Suppressor genes solve Heilmann’s paradox, the problem of evolving birds with big collarbones from dinosaurs with atrophied collarbones.(realistic dinosaur) Evolution at some point must have been able to remove the genes that suppressed collarbones from the dinosaur that was ancestor of the birds. This is not farfetched, nor even mildly implausible.(Dinosaur costume) The scenario might have run like this: A long-armed dinosaur, such as Deinonychus, might evolve extra-long arms with extra-long scales (feathers are modified scales) and begin to jump from branch to branch, using its arm scales to gain a few extra feet of glide, much like a flying squirrel. This proto-bird has no collar-bone, but its ancestors long before did. The genetic code for a collarbone remains in the dinosaur, stored in its inactive genefile. Once the proto-bird uses its forelimbs for gliding, a bony strut in front of the shoulder blade becomes an advantage. Any mutation that removes genes suppressing the clavicle now becomes favored by natural selection. In a few hundred generations, the proto-bird could therefore re-evolve a collarbone, rearranging it a bit to produce the distinctive V-shaped wishbone characteristic of birds.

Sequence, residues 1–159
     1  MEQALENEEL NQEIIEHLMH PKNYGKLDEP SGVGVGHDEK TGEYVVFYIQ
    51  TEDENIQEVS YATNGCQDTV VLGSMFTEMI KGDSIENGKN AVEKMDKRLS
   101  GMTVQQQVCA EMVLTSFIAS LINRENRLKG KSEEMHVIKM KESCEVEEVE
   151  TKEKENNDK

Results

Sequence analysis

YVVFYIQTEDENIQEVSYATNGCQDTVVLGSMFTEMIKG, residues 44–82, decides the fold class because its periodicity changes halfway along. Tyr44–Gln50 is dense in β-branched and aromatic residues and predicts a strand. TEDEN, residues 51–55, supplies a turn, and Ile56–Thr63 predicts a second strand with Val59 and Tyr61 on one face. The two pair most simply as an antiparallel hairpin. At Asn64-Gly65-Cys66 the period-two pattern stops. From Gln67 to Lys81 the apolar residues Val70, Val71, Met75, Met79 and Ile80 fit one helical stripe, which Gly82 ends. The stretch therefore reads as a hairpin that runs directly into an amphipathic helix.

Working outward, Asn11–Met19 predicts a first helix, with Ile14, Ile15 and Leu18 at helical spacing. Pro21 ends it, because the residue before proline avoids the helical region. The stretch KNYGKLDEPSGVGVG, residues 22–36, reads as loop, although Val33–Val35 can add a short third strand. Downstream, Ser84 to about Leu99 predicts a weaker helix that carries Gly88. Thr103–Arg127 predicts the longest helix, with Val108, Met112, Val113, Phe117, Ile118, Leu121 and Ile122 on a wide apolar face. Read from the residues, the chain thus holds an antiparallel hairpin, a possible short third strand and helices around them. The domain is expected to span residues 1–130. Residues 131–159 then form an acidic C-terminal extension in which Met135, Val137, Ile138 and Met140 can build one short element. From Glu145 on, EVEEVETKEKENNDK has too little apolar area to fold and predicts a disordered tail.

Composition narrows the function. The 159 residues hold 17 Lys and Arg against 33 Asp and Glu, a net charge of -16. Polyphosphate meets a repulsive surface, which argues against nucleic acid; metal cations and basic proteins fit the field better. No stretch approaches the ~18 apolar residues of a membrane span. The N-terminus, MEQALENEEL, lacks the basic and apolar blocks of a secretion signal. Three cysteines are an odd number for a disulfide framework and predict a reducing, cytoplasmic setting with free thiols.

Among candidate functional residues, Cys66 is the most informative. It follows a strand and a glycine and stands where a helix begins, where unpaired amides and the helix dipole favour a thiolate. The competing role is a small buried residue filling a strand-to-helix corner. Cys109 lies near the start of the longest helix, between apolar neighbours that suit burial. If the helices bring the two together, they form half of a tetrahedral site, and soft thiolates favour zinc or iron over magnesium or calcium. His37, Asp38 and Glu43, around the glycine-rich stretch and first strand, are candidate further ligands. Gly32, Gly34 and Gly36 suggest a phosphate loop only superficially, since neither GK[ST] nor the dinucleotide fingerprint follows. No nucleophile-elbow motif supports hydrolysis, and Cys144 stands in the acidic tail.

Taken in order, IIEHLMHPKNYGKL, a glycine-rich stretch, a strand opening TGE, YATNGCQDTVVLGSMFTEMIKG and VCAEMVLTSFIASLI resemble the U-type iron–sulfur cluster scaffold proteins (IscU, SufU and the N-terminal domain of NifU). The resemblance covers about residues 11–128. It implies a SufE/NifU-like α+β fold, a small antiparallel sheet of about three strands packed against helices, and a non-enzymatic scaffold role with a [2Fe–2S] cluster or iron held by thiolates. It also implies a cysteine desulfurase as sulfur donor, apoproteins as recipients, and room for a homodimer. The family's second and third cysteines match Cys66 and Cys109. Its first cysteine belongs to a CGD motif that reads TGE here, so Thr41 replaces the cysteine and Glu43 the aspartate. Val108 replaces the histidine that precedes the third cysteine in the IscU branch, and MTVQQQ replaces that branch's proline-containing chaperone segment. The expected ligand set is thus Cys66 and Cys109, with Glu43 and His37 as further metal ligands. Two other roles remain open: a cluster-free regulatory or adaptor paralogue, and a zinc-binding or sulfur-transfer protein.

Why would dinosaurs begin to fly and thus cross the thresh-old into the avian class? What was Archaeopteryx’s niche? Most paleontologists have leaned toward an analogy with flying squirrels. (animatronic dinosaur rides)Proto-birds are supposed to have been tree climbers who evolved wings first for gliding, then for powered flight. But there’s an alternative possibility the speedy jogger. Birds might have evolved flight first by running at high speeds over the Mesozoic landscape, employing their arms, outfitted with protofeathers, as airfoils for increasing ground speed. According to this theory, hypothetical proto-birds finally evolved a speed fast enough to become air-borne. John Ostrom champions this speedy-jogger theory. He was unhappy with the traditional restoration of Arcbaeopteryx as a tree-climbing glider and flier. (dinosaur factory)Among other details, he had observed that Arcbaeopteryx’s foot couldn’t get the same grip on a branch as can modern birds. Climbing birds have an inner toe that faces backward and flexes forward to grasp a branch against the other three toes. For the most efficient performance, all four of these toes must be long and their base joint must be at the same level, located at the very bottom of the long ankle bones (metatarsals). Arcbaeopteryx’s foot was not so built. The toe facing rearward was too short and too high up on the ankle, so that its grip on a branch wouldn’t be anywhere near as effective as a modern bird’s.